find a valuable exit and at sixty-five a series of fundamental 'serious' questions appears, about the meaning of professional life and the meaning to give to the


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remaining years. The answers to these important common questionings which
the author describes in great detail vary, of course, from one person to the other, from one group to the other. The differentiated treatment according to sex,
social-professional status, and occupational sector is in the process of being accomplished. The work merely presents the more global behavioral patterns
valid only for the sample of subjects. Among such patterns appear an average
pattern and another one concerning what the author refers to as the exception-subjects, who represent close to 15% of the population. In order to throw light
upon our tentative approach towards self-learning throughout the course of life,
we have chosen to focus on the relationship of these two categories of people to training during these stages of life at work.

What principally comes out of the data of Riverin-Simard is the fact that the
major turning point between the two categories of people, as for their
relationship with training, intervenes as soon as the start of the second period of
life at work, towards age forty. For both categories, at this age, there is a clear distancing from organized forms of education: "The different organized
educational modes of adults throughout institutionalized, associative, or cultural activities, as well as the training accomplished in the work place, clearly seem
absent from the daily reality of adults of thirty-eight to forty-two years of age". [Whereas this distancing is not compensated by anything for most subjects, it is followed by the] "discovery of the key means of self-learning for the exception-subjects (15%) [which the author calls "exception-explorers" at this stage]. For exception-explorers, the almost unique means of learning definitely seems to be
that of investing oneself into a perspective of permanent education. This key
means consists of an incidental or planned self-learning, accomplished while carrying out one's occupational tasks" (Riverin-Simard, 1984, 65).

This great turning point was prepared for in the previous period by a different moment of reaction in the same starting situation created by the arrival on the
job market. This starting situation is characterized by two major discoveries concerning training. The first discovery is that of an immense gap between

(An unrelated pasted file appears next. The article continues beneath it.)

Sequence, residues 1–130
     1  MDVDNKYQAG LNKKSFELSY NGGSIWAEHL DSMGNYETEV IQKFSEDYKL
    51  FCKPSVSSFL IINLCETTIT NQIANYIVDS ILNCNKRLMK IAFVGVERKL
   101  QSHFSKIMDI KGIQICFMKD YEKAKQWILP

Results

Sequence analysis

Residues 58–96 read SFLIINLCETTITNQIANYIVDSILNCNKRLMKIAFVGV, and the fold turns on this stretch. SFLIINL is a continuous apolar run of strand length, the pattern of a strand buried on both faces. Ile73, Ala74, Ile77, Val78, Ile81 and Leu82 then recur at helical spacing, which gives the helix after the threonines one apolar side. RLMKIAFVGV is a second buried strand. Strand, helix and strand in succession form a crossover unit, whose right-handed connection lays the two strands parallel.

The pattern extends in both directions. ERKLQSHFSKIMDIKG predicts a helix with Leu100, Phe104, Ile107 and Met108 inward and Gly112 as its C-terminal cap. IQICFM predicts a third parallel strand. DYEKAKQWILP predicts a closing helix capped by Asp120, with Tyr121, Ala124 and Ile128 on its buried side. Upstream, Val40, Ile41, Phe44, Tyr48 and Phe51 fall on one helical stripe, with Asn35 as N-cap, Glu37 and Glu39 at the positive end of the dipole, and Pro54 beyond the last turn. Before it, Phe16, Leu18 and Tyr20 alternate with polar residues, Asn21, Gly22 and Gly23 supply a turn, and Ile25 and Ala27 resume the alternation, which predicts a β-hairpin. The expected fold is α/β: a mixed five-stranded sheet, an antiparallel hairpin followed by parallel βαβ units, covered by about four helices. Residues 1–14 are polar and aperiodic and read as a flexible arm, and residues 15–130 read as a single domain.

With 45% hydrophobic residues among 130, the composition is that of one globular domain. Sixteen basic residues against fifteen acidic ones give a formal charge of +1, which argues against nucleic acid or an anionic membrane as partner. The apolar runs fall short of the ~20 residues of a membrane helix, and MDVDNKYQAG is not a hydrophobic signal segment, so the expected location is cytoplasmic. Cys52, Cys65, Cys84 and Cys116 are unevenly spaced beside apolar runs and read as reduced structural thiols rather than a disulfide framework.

scholarly learning activities and those required for professional practices. The
second one concerns the importance, the value, and the constraints of training at work. However, when facing these discoveries, most people totally deny the
value of formal education, whereas the exception-pilots discover and rapidly
make use of adult courses in order to tighten the gap. Others make this discovery
at the following stage when looking for a better 'job'. By this time, the
exception-searchers already begin to acquire their training power by trying their


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best to link the received training with their ambitions and by being attracted to
forms of individualized learning and of self-teaching methods. At the thirty-year stage, when professional competition increases, organized training areas are considered by these exception-runners as privileged areas where one can
discover good trainers, rather than as a major asset or a life-saver.

After the turning point of the forties, accompanied by the discovery and accomplishment of self-learning for exception-subjects, there is an increasing difference between the two categories of people, concerning their relationship
with training. When most people search for a guide-line in their lives, they no
longer associate training with themselves. Then, when the problem of modifying paths arises near age fifty, these people doubt their learning abilities, regret the opportunities they missed, underestimate formal education and overestimate
their experiential training. Also, the third important period in life, concerning the great transfer moves outside of the professional field, begins with a true torment about their training possibilities and defensive attitudes of rejection. A desire to learn, though often conditional, reappears towards sixty, when subjects must
decide either to concentrate on remaining as long as possible on the 'work-
planet' or, on the contrary, to move away from it as soon as possible. In the end,
the 'serious' question of retirement often encourages their resignation.

By acquiring their training power, exception-subjects (15 % of the sample) live through these stages in very different ways. While searching for their guide-line
(at age forty-two, forty-seven), they find in continuous training an insurance and guaranty of finding this guide-line, of developing it and of pursuing it. The questioning which appears at age fifty over-stimulates these exception-
navigators. "Being situated at the limits of youth and wisdom stimulates their
need to learn" (Riverin-Simard, 1984, 84). When they enter the last period, they define themselves as permanently self-learned people. The closer they come to
old-age, the more they consider training as the antidote, the preventive form; but
also as a productive form. "Some have well-defined study-projects to start a new career ( ... ). As they want to write about genealogy during retirement, they must learn how to do research" (Riverin-Simard, 1984, 107). At around seventy, they define themselves as 'intellectually hungry' people who enjoy reading, seeing expositions, visiting, traveling, auditing conferences ( ... ). Retiring form working
life does not mean retiring from active life, but adding a certain depth to it; professional life is situated and analyzed within the entire context of life, of
one's own life, but also of the lives of the past and future generations. "This
adult is also trying to come to terms with a reflection race; he sometimes seems